Chapter 8

Tiandi Baiju

Content Warning:
Brief suicidal ideation at the end of the chapter

Translator(s): beansprout
Editor(s): grape seed

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Leyao was startled to see his brother and Du Jing coming back together with breakfast.

“What were you doing?” Leyao asked. “Why are you so dirty?”

Zhou Luoyang said, “I told you to go to sleep. Why are you still awake?”

Du Jing set his mud-stained suit jacket on the floor next to the shoe rack and nodded at Leyao.

“I was worried,” Leyao said stubbornly as he followed Zhou Luoyang into the kitchen. Zhou Luoyang opened the fridge and popped open a can of juice, downing half of it before passing it to Du Jing. 

Du Jing was very careful not to make a mess of Zhou Luoyang’s home. He took off his muddy socks and stood barefoot on the wooden floorboards as he drank the juice.

Zhou Luoyang first took off his shirt, then wheeled his brother into the bathroom for a shower.

“Nothing’s wrong, is there?” Leyao asked, worried. “I could tell something was off with you ever since you came back in the afternoon.”

Zhou Luoyang snapped out of it and pulled the shower curtains closed. “Nothing’s wrong. That was Du Jing, my college roommate.”

Leyao asked, “Was he the one you went out to meet up with yesterday?”

Du Jing opened the bathroom door and came inside, also shirtless. He tossed his shirt into the laundry basket, undid his belt, and started to take a piss.

“Yes,” Du Jing said over the sound of water. “We’re planning on reopening your grandpa’s store together.”

Leyao was hidden behind the curtains. At first Zhou Luoyang wanted to remind Du Jing to be mindful of him, but then he remembered that this was how it had always been in their dorm—he would be showering in the bathroom, and Du Jing would come right inside to use the toilet. He never hid from him.

Leyao said, “Someone called today—”

“Next time just hang up,” Zhou Luoyang said.

Leyao began laughing. How had his brother guessed what he was going to say? But Du Jing whistled and asked Leyao, “Was there a caller ID?”

Leyao didn’t reply. He hadn’t yet figured out how to interact with this new friend who’d barged in to his life.

“Gonna use your towel and razor,” Du Jing said.

“Go ahead,” Zhou Luoyang replied. “Use the brown one. There are new toothbrushes in the cabinet. You’re not showering?”

“I’ll shower if you wash my back for me,” Du Jing said as he shaved and washed his face.

Zhou Luoyang didn’t respond to that, and Du Jing left the bathroom to look through the call records on Zhou Luoyang’s home phone.

“Are you two very close?” Leyao asked.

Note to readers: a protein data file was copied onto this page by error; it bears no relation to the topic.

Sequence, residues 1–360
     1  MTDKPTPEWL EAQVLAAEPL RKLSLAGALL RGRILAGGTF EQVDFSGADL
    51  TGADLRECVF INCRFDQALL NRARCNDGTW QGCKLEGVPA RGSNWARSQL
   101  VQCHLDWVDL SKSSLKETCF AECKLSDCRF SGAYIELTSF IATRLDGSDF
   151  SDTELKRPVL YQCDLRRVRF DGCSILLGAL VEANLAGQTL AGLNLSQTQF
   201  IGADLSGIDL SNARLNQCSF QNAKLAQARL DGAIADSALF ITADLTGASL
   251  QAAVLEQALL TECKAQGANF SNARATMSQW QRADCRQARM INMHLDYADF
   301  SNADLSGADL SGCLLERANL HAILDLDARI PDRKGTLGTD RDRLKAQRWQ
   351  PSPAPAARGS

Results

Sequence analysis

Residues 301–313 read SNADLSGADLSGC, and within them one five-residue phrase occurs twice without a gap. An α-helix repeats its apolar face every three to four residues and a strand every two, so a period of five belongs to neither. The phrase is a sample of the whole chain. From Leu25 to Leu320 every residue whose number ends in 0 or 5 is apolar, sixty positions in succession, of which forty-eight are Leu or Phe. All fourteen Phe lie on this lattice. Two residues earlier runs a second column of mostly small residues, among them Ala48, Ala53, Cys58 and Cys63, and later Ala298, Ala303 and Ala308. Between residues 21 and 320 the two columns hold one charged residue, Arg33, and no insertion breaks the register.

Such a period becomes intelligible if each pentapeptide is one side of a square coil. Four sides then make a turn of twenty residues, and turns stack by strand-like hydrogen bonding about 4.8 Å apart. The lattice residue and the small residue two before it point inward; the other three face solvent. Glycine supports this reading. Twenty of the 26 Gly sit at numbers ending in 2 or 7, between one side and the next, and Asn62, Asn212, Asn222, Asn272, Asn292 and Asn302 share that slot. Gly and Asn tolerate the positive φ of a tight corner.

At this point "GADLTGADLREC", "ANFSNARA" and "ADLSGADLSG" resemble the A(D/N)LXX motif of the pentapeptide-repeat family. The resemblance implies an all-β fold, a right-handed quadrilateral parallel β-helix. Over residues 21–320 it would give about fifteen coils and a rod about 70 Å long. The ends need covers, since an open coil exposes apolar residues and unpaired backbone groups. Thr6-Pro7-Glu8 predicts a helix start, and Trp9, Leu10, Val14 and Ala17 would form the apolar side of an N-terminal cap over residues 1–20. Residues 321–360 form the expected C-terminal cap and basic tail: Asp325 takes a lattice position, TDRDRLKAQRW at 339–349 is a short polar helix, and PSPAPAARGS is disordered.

“Yeah,” Zhou Luoyang said. “We lived together for two years in our college dorm. We used to tell each other everything.”

Leyao said, “I can tell. Are you closer with him than Fang Zhou?”

Fang Zhou was Zhou Luoyang’s good friend.

Zhou Luoyang suddenly remembered something and started to laugh. Confused, Leyao asked, “What are you laughing for?”

“Nothing. Yeah, I’m closer to him.” Zhou Luoyang had remembered the time Fang Zhou had asked him, “How close are you with Du Jing?” And Zhou Luoyang had joked, “So close we can jerk each other off.”

Leyao stuck his head out from behind the curtain.

“The school’s probably emailed, right?” Zhou Luoyang asked. “I’ll reply to them in a bit.”

“Yeah.” Leyao yawned. He was clearly very sleepy already.

Zhou Luoyang wiped Leyao’s hair dry. After getting him dressed, he carried him out and set him down at the table. Du Jing darted into the bathroom.

“Me first.” Zhou Luoyang went in too. “You keep Leyao company.”

“Together?” Du Jing looked up at the showerhead and twisted it a couple times.

“Don’t mess around,” Zhou Luoyang said.

So Du Jing went out again to keep Leyao company. After Zhou Luoyang washed up, he came out to see the two of them already in a conversation, just like last time. He herded Du Jing into the shower and picked out one of his own T-shirts for him to change into. The shirt was a little small, but Du Jing would have to manage.

Before breakfast, Du Jing poured himself a cup of water. He dumped out several pills from his pill box and took them one by one while Leyao watched.

“Are you sick?” Leyao asked.

“Yeah,” Du Jing replied, not dodging his question.

Zhou Luoyang was cleaning up after breakfast when he heard Du Jing ask Leyao, “Why don’t I carry you to your bed? Which one’s your room?”

“I got it.” Leyao wanted to get into his wheelchair.